For-profit colleges have been under fire from Washington the last few years. Some states, including Kentucky and Illinois, are now taking a closer look at the business practices of these schools. In Indiana, the Council for Proprietary Education maintains its own board but will now be administered by the Commission for Higher Education. Stateline reports:
Rhode Island legislators are considering whether to give preliminary approval for the country’s second for-profit osteopathic medical school.
The proposed Rhode Island School of Osteopathic Medicine would become the state’s only current degree-granting for-profit college if it also wins final approval from the state’s Board of Governor’s for Higher Education. It’s the second proposal for a for-profit college in the state this session, according to Larry Berman, spokesman for the House of Representatives. The first, Utah-based Neumont University, decided to shift its focus to Massachusetts after the House didn’t fast-track the plan, Berman said.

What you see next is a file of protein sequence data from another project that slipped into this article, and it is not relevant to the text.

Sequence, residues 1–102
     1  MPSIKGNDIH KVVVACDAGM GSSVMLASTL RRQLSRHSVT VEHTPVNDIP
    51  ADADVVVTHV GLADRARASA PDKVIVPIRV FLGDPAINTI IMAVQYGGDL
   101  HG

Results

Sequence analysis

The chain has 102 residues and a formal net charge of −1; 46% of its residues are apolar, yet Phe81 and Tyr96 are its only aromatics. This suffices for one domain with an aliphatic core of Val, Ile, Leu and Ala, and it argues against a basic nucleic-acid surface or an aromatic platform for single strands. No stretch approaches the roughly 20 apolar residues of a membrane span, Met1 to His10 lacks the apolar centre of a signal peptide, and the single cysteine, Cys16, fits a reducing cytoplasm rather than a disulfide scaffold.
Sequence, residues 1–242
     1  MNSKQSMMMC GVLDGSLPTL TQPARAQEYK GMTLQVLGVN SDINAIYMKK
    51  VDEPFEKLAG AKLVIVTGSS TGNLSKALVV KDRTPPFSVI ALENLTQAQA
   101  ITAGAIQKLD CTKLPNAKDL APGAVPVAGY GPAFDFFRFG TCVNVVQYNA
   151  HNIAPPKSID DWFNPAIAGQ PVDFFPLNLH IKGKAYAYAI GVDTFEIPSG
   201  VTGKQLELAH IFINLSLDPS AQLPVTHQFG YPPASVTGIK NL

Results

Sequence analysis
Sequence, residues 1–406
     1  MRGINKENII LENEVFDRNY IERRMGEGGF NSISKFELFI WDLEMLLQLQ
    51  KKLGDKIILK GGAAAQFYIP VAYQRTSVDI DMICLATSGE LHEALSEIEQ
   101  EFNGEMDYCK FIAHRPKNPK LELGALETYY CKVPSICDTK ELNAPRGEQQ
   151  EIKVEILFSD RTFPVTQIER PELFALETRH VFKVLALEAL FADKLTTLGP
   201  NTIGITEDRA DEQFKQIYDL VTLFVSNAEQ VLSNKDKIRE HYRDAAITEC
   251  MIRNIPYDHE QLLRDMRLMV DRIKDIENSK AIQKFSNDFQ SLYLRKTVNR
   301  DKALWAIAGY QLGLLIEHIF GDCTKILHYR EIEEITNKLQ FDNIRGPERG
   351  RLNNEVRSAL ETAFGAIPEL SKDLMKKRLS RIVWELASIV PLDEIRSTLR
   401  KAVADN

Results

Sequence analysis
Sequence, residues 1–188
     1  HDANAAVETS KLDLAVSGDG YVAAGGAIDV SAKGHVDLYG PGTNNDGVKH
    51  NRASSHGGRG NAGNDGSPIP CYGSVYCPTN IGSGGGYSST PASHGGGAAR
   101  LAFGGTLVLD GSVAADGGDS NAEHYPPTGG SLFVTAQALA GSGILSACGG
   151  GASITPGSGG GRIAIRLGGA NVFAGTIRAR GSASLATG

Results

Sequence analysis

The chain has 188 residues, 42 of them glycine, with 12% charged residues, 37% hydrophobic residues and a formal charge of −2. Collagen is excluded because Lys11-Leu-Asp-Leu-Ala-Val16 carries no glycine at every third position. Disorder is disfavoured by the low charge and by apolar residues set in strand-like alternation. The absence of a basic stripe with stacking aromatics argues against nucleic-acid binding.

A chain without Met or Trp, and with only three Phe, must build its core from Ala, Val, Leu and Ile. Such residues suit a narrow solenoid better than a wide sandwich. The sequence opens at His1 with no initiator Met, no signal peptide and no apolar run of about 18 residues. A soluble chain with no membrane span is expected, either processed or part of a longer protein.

The osteopathic medical school proposal has already drawn fire. It’s opposed by Brown University, the state’s only current medical school, Berman said, and Daniel Egan, president of Rhode Island’s Association of Independent Colleges & Universities, called the for-profit sector of education “predatory and troubled,” according to the Providence Journal.
The bill is mum on details, but one of its sponsors, Representative Joseph McNamara, says the new college would have lower tuition than most traditional medical schools and be a boon to the state and local economy, particularly because of its for-profit status.
“The fact that a medical school would come in and pay taxes for the services they are receiving in my eyes is very impressive,” McNamara said.
Rhode Island’s deliberations come as more states are taking a harder look at the fast-growing for-profit college sector.